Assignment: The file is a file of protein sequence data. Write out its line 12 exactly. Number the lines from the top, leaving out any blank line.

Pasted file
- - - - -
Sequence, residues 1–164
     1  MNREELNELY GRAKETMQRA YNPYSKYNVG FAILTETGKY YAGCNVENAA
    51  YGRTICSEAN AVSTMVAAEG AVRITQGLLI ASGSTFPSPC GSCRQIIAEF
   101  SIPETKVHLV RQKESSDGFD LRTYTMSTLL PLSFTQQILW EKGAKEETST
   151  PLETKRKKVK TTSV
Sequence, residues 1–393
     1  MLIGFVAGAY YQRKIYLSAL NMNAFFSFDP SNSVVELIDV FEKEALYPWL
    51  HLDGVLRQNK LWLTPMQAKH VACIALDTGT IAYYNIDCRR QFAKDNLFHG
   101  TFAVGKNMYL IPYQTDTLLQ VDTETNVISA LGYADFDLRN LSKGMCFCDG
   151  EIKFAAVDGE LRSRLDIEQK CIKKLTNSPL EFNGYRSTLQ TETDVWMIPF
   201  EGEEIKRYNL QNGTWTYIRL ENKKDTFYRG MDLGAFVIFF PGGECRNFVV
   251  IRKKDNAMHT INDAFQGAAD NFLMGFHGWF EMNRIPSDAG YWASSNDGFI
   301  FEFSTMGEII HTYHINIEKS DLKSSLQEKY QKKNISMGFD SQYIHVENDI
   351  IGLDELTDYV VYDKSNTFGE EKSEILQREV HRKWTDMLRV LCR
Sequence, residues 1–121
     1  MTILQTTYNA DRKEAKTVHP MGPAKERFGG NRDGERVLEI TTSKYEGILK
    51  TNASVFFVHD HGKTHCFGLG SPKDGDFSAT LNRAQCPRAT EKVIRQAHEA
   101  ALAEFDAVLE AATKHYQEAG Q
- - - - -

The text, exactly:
   251  IRKKDNAMHT INDAFQGAAD NFLMGFHGWF EMNRIPSDAG YWASSNDGFI